The Parascientific Pressure sensor located at the Delta Dynamics Laboratory platform caught the oceanic signal of the local 6.3 earthquake of September 9, 2011 (12:41 PDT). The pressure sensor is located on a bottom mounted platform and samples at a rate of ~700ms. The back-ground trend is the rising tide, on which is superimposed the surface pressure signature of tsunami like waves “sloshing” about in the Strait of Georgia. The signal also shows up in other pressure sensors at this and our other SoG locations, but because of the fast sample rate, this sensor shows enhanced variability.
See CBC article
At 05:46 UTC the 9.0 Earthquake started off the east coast of northern Japan. By 14:40 UTC (06:40 PST) the first waves of the Tsunami were detected by the bottom pressure recorders of the NEPTUNE regional network off the west coast of Vancouver Island.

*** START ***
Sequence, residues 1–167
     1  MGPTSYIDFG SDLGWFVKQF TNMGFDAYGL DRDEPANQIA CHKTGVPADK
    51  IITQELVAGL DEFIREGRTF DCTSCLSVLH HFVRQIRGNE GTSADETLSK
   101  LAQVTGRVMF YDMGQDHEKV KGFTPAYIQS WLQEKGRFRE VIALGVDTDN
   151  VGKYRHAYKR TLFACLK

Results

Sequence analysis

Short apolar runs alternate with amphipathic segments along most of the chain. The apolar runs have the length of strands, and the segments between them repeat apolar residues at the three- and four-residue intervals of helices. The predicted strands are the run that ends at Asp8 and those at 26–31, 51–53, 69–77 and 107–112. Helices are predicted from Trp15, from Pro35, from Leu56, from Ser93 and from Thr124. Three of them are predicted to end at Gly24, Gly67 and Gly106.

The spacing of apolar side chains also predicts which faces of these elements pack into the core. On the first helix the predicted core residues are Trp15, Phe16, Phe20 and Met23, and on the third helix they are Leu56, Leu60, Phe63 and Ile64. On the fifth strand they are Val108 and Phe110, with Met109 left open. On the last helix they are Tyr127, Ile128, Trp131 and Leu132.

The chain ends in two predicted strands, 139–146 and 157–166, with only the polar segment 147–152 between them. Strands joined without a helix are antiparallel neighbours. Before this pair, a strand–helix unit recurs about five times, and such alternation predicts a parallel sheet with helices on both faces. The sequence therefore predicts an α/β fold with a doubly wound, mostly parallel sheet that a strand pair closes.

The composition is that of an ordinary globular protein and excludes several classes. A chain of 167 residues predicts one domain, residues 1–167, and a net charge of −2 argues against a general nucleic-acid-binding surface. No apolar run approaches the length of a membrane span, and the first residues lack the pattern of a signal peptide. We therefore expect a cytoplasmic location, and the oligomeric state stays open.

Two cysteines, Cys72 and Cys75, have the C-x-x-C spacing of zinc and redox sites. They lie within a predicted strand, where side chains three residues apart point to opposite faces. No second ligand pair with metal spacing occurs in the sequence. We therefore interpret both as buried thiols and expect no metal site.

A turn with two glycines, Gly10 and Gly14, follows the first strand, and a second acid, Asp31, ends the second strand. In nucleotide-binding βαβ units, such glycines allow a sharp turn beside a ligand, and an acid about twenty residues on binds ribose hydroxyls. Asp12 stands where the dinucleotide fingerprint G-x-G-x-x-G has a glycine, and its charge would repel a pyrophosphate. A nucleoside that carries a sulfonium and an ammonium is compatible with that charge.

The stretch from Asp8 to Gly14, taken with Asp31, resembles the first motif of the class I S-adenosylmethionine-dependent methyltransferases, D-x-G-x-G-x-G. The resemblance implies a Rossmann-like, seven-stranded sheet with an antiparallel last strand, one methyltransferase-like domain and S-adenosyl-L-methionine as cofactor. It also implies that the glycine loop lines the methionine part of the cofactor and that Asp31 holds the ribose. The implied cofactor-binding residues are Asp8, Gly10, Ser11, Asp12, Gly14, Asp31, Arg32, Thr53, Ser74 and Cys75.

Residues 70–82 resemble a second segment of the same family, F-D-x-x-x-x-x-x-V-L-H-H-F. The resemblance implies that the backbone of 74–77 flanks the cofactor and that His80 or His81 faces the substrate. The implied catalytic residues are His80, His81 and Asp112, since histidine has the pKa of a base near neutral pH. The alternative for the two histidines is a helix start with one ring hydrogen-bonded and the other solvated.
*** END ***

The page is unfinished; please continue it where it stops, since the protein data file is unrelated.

By 16:30UTC, the water level in Saanich Inlet started to drop (shown here), as the wave crest entered Juan de Fuca Strait. A model developed by the Department of Fisheries and Oceans of a Tsunami entering Juan de Fuca predicts an arrival in Saanich a couple of hours after the leading depression first enters Juan de Fuca Strait.
The de-tided bottom pressure derived from the VENUS CTD located at a depth of 96m in Saanich Inlet reveals a complex oscillating series of seiches (surface sloshing like in a bathtub) lasting nearly 12 hours as the Tsunami dissipates among the channels of the Gulf Islands and the Strait of Georgia.
Note: The signals are still being analyzed for a complete and accurate interpretation.